Let's consider a hypothetical example from a management consulting job posting targeted to your school. Fifty candidates may apply, and the firm may bring in 10 to 15 of your classmates for a first-round interview. Of those applicants, three to eight may receive a second-round interview. Of those, zero to five may receive an offer. This means that, under the best-case scenario, 10 per cent of total applicants from your school may ultimately receive an offer. While this is just an example, and actual numbers will vary from this scenario and industry, the key takeaway is that a high volume of applications may not result in a high number of job offers.
The recruiting cycle may not allow time for you to readjust your focus from one industry to another
For many industries that offer positions highly sought after by students - largely made up of finance/banking, management consulting, and consumer packaged goods - recruiting occurs on-campus over the key periods of January to March for summer positions (current students), and September to November for full-time positions (graduating students).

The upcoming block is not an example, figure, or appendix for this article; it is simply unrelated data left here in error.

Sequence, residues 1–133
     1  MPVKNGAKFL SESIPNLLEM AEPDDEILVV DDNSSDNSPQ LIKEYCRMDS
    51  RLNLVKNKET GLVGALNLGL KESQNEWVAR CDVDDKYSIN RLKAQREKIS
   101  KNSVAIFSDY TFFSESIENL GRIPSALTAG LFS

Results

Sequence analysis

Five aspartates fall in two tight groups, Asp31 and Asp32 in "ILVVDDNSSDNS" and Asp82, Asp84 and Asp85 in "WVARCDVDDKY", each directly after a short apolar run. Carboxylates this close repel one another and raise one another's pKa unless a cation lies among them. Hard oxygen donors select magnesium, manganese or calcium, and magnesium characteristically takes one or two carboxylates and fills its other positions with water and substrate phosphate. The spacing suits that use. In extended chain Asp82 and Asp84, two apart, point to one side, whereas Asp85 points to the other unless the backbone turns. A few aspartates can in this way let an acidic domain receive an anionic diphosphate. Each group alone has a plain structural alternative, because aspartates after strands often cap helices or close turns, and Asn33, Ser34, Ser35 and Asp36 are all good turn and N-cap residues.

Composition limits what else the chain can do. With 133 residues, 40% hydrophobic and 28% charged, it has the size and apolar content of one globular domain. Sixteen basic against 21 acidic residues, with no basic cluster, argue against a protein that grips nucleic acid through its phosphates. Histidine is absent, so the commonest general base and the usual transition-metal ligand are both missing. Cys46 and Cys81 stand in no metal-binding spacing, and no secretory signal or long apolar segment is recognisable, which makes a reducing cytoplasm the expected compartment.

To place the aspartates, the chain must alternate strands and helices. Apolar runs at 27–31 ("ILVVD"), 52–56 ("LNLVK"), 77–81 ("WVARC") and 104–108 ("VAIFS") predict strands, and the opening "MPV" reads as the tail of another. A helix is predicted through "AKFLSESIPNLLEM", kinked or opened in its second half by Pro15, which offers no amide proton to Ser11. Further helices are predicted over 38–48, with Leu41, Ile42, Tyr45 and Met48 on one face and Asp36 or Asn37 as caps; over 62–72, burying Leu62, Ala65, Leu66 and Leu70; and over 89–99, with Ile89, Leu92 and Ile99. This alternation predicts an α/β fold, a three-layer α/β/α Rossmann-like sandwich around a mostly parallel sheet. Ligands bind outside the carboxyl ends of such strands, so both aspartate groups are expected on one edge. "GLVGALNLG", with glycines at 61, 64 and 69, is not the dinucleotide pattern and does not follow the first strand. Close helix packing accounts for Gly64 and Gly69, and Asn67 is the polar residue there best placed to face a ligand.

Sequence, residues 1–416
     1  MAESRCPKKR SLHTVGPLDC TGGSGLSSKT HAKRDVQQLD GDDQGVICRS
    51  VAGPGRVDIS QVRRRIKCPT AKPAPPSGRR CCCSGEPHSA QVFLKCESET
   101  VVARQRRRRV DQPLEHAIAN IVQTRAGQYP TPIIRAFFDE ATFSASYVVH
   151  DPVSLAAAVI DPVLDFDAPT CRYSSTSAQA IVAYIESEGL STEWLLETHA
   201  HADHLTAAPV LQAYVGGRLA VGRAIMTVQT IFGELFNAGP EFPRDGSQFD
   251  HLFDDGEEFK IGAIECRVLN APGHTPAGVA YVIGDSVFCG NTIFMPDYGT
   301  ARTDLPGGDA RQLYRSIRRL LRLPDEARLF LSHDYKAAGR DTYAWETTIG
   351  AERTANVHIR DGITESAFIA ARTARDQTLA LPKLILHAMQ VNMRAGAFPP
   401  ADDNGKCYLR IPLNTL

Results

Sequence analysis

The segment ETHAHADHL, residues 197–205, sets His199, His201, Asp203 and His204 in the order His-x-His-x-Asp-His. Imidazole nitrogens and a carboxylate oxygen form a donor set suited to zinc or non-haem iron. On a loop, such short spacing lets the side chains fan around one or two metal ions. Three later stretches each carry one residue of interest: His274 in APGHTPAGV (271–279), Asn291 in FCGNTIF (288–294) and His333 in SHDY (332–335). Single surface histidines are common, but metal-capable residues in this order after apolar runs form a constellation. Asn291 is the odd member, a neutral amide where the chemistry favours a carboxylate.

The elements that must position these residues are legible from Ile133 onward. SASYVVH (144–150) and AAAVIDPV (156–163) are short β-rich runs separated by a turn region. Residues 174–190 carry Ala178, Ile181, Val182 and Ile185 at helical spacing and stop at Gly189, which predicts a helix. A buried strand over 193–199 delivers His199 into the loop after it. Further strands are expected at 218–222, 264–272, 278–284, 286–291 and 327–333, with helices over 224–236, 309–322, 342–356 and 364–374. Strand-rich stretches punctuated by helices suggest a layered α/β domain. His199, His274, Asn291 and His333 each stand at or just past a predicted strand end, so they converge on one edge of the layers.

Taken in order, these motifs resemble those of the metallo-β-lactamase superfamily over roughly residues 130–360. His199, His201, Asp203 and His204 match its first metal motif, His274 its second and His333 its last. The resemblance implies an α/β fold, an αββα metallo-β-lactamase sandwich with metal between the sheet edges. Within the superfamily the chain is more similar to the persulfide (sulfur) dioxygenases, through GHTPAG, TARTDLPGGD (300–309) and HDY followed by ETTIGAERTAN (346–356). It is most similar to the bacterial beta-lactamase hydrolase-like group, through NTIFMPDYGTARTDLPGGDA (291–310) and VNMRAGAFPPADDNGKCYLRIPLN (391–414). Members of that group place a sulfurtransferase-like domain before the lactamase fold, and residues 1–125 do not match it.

While finance/banking recruiting typically starts first, followed closely by management consulting, and then CPG, for all intents and purposes it should be assumed that they all recruit in parallel. And while these industries are all looking for a core set of skills (leadership, analytics, etc.), the highly technical and analytical nature of some jobs results in additional interview requirements and processes. This means that if you target an investment banking job and do not receive any interviews or offers, you will have little, if any, time to adjust your application and shift your focus to preparing for management consulting interviews.
Of course there are job opportunities outside of the industries mentioned above (often referred to as "just-in-time" recruiting), but a majority of students will find themselves applying to jobs in the industries listed above since they are "first movers" in the recruiting process.
You only have one chance to recruit for a full-time position at your target companies